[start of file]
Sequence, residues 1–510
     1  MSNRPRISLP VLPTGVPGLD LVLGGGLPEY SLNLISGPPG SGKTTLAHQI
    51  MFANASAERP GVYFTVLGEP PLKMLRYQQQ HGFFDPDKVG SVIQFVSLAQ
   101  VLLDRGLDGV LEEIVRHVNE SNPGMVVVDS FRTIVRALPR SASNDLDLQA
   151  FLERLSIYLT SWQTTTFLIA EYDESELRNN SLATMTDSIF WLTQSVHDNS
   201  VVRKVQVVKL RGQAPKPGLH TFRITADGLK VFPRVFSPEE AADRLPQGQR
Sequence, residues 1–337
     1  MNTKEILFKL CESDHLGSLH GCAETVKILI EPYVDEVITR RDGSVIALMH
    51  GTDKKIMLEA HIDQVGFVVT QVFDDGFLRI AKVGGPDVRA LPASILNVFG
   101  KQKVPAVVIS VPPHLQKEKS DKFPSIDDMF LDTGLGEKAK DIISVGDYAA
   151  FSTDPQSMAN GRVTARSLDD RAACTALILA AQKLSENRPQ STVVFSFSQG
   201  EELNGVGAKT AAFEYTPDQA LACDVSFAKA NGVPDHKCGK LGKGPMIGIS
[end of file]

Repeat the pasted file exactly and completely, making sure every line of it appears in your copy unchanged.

Sequence, residues 1–510
     1  MSNRPRISLP VLPTGVPGLD LVLGGGLPEY SLNLISGPPG SGKTTLAHQI
    51  MFANASAERP GVYFTVLGEP PLKMLRYQQQ HGFFDPDKVG SVIQFVSLAQ
   101  VLLDRGLDGV LEEIVRHVNE SNPGMVVVDS FRTIVRALPR SASNDLDLQA
   151  FLERLSIYLT SWQTTTFLIA EYDESELRNN SLATMTDSIF WLTQSVHDNS
   201  VVRKVQVVKL RGQAPKPGLH TFRITADGLK VFPRVFSPEE AADRLPQGQR
Sequence, residues 1–337
     1  MNTKEILFKL CESDHLGSLH GCAETVKILI EPYVDEVITR RDGSVIALMH
    51  GTDKKIMLEA HIDQVGFVVT QVFDDGFLRI AKVGGPDVRA LPASILNVFG
   101  KQKVPAVVIS VPPHLQKEKS DKFPSIDDMF LDTGLGEKAK DIISVGDYAA
   151  FSTDPQSMAN GRVTARSLDD RAACTALILA AQKLSENRPQ STVVFSFSQG
   201  EELNGVGAKT AAFEYTPDQA LACDVSFAKA NGVPDHKCGK LGKGPMIGIS